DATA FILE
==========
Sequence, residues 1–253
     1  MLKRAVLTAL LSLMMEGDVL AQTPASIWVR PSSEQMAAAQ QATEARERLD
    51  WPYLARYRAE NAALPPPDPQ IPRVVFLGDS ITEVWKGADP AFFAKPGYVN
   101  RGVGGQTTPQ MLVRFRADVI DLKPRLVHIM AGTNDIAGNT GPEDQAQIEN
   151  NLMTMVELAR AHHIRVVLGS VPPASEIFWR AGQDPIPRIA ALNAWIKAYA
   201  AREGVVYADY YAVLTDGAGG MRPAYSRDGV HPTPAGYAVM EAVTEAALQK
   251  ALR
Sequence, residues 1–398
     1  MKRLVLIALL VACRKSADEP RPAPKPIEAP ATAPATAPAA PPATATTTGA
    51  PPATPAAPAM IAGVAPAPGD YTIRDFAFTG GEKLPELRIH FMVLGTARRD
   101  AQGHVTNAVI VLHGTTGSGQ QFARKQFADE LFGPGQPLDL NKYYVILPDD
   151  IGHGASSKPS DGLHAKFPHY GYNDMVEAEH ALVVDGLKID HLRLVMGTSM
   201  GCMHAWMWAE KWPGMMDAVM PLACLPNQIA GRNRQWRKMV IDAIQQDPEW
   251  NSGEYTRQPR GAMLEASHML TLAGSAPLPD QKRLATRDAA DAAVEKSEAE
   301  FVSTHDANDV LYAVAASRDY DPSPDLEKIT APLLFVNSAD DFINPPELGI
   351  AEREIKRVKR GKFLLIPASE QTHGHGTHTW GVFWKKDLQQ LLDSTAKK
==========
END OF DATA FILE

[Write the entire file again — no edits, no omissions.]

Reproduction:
Sequence, residues 1–253
     1  MLKRAVLTAL LSLMMEGDVL AQTPASIWVR PSSEQMAAAQ QATEARERLD
    51  WPYLARYRAE NAALPPPDPQ IPRVVFLGDS ITEVWKGADP AFFAKPGYVN
   101  RGVGGQTTPQ MLVRFRADVI DLKPRLVHIM AGTNDIAGNT GPEDQAQIEN
   151  NLMTMVELAR AHHIRVVLGS VPPASEIFWR AGQDPIPRIA ALNAWIKAYA
   201  AREGVVYADY YAVLTDGAGG MRPAYSRDGV HPTPAGYAVM EAVTEAALQK
   251  ALR
Sequence, residues 1–398
     1  MKRLVLIALL VACRKSADEP RPAPKPIEAP ATAPATAPAA PPATATTTGA
    51  PPATPAAPAM IAGVAPAPGD YTIRDFAFTG GEKLPELRIH FMVLGTARRD
   101  AQGHVTNAVI VLHGTTGSGQ QFARKQFADE LFGPGQPLDL NKYYVILPDD
   151  IGHGASSKPS DGLHAKFPHY GYNDMVEAEH ALVVDGLKID HLRLVMGTSM
   201  GCMHAWMWAE KWPGMMDAVM PLACLPNQIA GRNRQWRKMV IDAIQQDPEW
   251  NSGEYTRQPR GAMLEASHML TLAGSAPLPD QKRLATRDAA DAAVEKSEAE
   301  FVSTHDANDV LYAVAASRDY DPSPDLEKIT APLLFVNSAD DFINPPELGI
   351  AEREIKRVKR GKFLLIPASE QTHGHGTHTW GVFWKKDLQQ LLDSTAKK